Russians have always been known not to toe anyone else’s’ path when it comes to technology. From their own fighter planes, Nuclear Submarines and even civilian jets (the Ilyushin for instance), it can be seen that “made in Russia” at best or a Russian version of events is what they tend to do best.
Russia’s stand towards cryptocurrencies has been somewhat ambiguous, From 2017 where the Russian government was considering wide regulations on cryptocurrencies (which include: taxation on ICOs, taxation of miners and so on) to several declarations this year on wider acceptance of cryptocurrencies, one thing is certain: The Russians are certainly up to something; it’s just that we are not sure what exactly they have in mind yet.
Exactly a month ago, Prime Minister Medvedev downplayed the importance of Cryptocurrencies to both the Russian people and the government. His statements came as the bullish surge of bitcoin was coming in. It may sound like a blip on the radar, but it’s the timing of his comments which seem to be quite auspicious; especially the tone (so as not to “rattle” the markets).
Downplaying Mother Russia’s interests is of strategic importance to the new order of things. Firstly, since the Western Anti-Russian Legislations which have begun in full swing against key players who hold sway within and around the Kremlin have begun to come into full effect (we all know how the guys in the West love their laws), cryptocurrencies could be used to skirt and sidestep these new laws which prevent these state actors from having access to the global financial system.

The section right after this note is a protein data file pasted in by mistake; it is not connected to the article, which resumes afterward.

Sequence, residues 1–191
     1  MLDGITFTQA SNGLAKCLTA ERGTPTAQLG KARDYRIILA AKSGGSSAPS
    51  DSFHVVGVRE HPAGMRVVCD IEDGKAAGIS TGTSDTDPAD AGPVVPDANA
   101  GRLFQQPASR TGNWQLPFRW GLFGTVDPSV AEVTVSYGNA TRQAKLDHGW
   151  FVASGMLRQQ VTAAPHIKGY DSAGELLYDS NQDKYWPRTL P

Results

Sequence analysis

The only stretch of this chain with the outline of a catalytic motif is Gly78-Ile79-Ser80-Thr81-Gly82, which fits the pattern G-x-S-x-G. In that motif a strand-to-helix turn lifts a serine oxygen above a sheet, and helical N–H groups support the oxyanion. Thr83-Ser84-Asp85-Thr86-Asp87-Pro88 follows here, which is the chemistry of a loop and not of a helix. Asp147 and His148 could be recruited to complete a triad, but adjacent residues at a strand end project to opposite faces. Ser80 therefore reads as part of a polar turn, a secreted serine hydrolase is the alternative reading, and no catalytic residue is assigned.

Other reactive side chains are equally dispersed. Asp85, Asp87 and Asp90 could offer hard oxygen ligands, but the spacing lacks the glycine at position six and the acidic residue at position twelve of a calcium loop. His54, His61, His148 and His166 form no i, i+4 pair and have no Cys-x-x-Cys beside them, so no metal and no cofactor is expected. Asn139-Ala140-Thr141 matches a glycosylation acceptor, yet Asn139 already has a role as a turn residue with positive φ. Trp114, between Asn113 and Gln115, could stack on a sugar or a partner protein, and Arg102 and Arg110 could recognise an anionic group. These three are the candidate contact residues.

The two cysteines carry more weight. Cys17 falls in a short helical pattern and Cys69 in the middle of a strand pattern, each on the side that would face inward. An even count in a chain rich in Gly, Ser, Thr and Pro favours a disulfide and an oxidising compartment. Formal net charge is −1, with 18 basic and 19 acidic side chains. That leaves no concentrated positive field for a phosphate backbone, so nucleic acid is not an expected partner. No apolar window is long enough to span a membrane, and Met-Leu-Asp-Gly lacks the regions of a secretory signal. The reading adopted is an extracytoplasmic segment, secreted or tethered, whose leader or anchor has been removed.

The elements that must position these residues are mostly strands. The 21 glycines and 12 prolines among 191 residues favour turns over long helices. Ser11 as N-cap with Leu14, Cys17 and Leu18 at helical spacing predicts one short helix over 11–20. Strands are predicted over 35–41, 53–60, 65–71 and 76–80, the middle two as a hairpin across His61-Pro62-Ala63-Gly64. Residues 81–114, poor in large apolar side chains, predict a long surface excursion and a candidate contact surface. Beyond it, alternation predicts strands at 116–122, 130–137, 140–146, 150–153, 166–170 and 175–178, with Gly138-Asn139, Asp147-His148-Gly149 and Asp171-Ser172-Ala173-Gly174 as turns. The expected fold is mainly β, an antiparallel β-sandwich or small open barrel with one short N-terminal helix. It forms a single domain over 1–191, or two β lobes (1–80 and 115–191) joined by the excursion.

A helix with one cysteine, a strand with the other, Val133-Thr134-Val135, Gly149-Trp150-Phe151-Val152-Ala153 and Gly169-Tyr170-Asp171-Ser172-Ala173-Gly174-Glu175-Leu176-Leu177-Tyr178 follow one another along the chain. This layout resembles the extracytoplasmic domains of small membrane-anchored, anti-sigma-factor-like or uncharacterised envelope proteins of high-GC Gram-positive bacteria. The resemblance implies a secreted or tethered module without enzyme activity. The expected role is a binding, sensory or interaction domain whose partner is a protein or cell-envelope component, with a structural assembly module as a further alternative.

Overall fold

This is due to the decentralized nature of cryptocurrencies which can’t be regulated by any state entity.
Secondly, with the topsy-turvy nature of the World energy markets of which Russia is a key player, cryptocurrencies can serve as a hedge to buffer the uncertainties (especially during the bull run of cryptocurrency markets).
Thirdly, the West has come around with fresh economic sanctions which can’t be enforced if the Russians decide to use cryptocurrencies as their means of settlement for international trade deals.
The news making rounds about the Russians are backing the creation of a gold-backed cryptocurrency to bypass the US dollar is enough evidence of this.
The big question though is: Is this the start of a new Cold war?
It’s highly unlikely!
This is because there are too many factors (and actors) at play for that to occur.
The best bet is that these will be interesting times for everyone!
It’s no longer about two large Countries trying to outdo each other anymore.
What do you think? Is a new Cold War coming due to the emergence of cryptocurrencies?
Please let us know!